HIV is not inescapable, but will require a multi-pronged approach to combat its effects on our community. Maxey has some peace of mind about how we will get to the end of the new diagnoses of HIV. “Every day as a Black queer man,” he says, “you have a problem, but you have to keep going. Each day is a day you get through, and we have many more ahead, but you will find joy and peace in knowing that the future is brighter when we work together.”

That sentiment is the catalyst to moving forward together, despite obstacles and barriers to the end of the HIV epidemic. The future is bright if we focus on those who are most impacted by the virus. When thinking about himself at 18 years old, prior to his HIV diagnosis, Maxey wishes he had taken more time to think about his actions and less about the fear, homophobia, and stigma society placed on being queer. He now realizes that he needed to consider more the responsibility he had as he explored sex and sexuality. These are the things he hopes other young adults his age will understand.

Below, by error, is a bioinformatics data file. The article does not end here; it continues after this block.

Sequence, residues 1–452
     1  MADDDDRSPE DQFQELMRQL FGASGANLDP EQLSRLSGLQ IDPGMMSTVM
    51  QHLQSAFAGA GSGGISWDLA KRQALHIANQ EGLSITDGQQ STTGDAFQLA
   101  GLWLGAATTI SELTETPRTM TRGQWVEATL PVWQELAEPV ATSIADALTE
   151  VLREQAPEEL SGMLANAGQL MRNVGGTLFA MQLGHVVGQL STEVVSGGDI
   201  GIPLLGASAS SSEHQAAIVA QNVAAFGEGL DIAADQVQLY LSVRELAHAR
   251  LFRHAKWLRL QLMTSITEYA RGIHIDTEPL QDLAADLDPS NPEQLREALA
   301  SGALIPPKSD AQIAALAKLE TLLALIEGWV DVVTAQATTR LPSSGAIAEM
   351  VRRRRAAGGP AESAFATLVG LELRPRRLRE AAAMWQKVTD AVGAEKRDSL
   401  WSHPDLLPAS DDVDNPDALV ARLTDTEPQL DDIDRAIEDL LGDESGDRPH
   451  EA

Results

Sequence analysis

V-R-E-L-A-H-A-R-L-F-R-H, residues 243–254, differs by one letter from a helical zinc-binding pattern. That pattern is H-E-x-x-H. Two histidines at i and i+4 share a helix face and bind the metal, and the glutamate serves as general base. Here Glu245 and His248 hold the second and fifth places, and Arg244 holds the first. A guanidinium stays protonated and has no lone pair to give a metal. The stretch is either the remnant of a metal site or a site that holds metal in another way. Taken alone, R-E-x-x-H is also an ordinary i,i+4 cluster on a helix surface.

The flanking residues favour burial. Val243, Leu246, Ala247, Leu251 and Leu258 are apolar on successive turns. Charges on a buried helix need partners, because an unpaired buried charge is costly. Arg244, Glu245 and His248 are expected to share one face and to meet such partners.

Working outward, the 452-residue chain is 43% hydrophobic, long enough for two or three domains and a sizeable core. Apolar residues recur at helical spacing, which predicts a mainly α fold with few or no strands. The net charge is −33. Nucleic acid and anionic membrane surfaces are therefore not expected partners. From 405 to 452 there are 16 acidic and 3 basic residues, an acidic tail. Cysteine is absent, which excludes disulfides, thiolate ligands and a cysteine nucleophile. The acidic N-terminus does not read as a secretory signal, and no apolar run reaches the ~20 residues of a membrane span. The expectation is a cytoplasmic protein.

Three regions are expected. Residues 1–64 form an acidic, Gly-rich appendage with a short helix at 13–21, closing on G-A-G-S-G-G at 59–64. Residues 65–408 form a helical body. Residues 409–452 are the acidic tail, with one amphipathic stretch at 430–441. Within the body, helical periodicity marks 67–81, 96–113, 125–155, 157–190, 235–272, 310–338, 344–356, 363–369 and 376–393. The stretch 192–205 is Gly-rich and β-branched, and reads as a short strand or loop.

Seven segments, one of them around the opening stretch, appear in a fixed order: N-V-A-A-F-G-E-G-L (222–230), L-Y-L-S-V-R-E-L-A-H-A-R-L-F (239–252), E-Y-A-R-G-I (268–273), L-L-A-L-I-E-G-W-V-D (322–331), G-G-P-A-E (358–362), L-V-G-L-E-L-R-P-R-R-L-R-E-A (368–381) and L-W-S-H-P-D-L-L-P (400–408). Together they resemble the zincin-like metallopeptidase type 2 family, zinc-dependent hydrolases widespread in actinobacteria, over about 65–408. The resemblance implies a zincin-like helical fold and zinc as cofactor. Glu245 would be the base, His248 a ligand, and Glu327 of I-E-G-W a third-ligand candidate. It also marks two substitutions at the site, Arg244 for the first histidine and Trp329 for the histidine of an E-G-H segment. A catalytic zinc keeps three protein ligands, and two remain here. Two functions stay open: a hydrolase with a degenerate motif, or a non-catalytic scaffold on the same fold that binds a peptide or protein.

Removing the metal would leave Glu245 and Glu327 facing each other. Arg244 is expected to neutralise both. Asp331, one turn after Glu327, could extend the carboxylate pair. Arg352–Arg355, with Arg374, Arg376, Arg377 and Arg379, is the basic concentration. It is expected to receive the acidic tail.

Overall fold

Still, the true hope is in what he will say to himself in ten years, knowing that it is absolutely possible to live a long, healthy life with the likelihood of no new transmission of HIV. “When I am 31,” he says, “I hope to say that I saw, I lived, and I survived. I decided to keep going when I think I didn’t have a reason to, but I know by then I will be sure of and in my purpose.”

J Maxey will be a featured speaker at the Night with The Normal Anomaly Gala on December 8 at Ballroom at Tanglewood.

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Ian Haddock

Ian L. Haddock aspires to be a conduit of joy in all things activism and art. He is a published author and writer and leads a team of nontraditional activists at The Normal Anomaly Initiative, Inc.